London-based Scenario Architecture – which also recently added a sunken roof terrace to a London home – designed the extension in Hackney for a young couple, providing them with a new kitchen-diner and living space at the back of the house.
"One of the owners is Japanese, and they requested a darker shade of wood to reference to Japanese garden extensions," architect Fanis Anastasiadis told Dezeen.
"The vertical planks also help form the curves of the design, and the colour creates contrast with the existing house, giving the extension a more contemporary look."
This 23.5-square-metre extension replaces a cluttered arrangement of rooms and an uninsulated conservatory at the back of the two-storey house.
"The previous ground-floor layout had segregated dark spaces and a poorly built conservatory, so the owners ended up only using the top floor – they didn't cook, and used the reception area for storage," explained Anastasiadis.
"They wanted a more open space that would be fit for a contemporary lifestyle, with more light, a better connection with the garden, space for working, and storage for their bicycles," he added.
"Their request was not necessarily for more space, and that was reflected in the final layout. It is only 3.5 square metres bigger than before, but functions better for their needs."
The kitchen-diner sits where the conservatory used to be, and is set down lower than the rest of the ground floor to create a level threshold with the garden, and to provide a degree of separation from the rest of the house.
The wall flanking the kitchen stops short of the ceiling to provide space on top for a walkway, which is used by the owners' two cats. The walkway continues across the hall near the entrance, and through a hole in the wall to a room where their litter tray is kept.
"The cats use it a lot, especially when there are visitors in the house, as a means to investigate the newcomers safely, and have a controlled view of the whole ground floor," said Anastasiadis.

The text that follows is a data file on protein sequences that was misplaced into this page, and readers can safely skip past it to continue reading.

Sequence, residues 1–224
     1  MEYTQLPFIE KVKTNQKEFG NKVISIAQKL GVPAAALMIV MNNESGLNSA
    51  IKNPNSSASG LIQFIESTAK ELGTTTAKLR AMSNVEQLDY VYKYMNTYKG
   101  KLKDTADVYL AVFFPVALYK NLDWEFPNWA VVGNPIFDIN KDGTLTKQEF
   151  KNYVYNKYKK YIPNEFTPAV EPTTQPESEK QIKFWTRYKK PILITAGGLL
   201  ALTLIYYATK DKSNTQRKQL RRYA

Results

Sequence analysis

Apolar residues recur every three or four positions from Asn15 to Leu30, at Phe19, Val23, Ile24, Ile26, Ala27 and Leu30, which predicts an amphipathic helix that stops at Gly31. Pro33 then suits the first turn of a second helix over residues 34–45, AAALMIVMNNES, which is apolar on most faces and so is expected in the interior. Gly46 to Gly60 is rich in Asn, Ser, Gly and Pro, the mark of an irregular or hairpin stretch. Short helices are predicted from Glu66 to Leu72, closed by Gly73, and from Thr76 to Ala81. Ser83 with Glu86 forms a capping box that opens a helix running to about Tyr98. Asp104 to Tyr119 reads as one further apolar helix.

A new multipurpose room for reading, relaxing and working was added beside the kitchen-diner, and protrudes further at the rear to give it a more intimate relationship with the garden.
"The space is designed as a more private, Japanese-inspired area, where the owners can sit on the floor, or on pillows," said Anastasiadis. "The idea was to create a secluded area with its own access to the garden, which also still feels connected with the kitchen."
The stepped form of the rear facade was also designed to follow the footprint of the previous house, in order to make it easier to obtain planning permission for the extension.
To minimise costs, the owners fitted the kitchen with ex-display cabinets from London-based company Simple Interiors.
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A spray-painted MDF kitchen island, designed by Scenario Architecture, was also added to the centre of the space, and features a recess in the middle so the dining table to be tucked away when not in use.
In the front reception room, a double-sided fireplace was added to create a connection with the kitchen.
"The two-way fireplace acts like a window from the reception area to the kitchen, and allows both rooms to benefit from the heat," said Anastasiadis.
Insulation was also added to the ground floor to improve the home's energy efficiency, and a sedum roof was laid on top of the extension, to provide an additional level of insulation and a more pleasant view from the rooms above.
Engineered oak flooring was used throughout the house, except in the kitchen, where polished concrete was added.
"We used this different material to signify a transition between the different areas in the open-plan space," said Anastasiadis. "The concrete flooring is also hard-wearing, easy to clean, and provides a visual connection with the concrete paving tiles in the garden."
Photography is by Matt Clayton.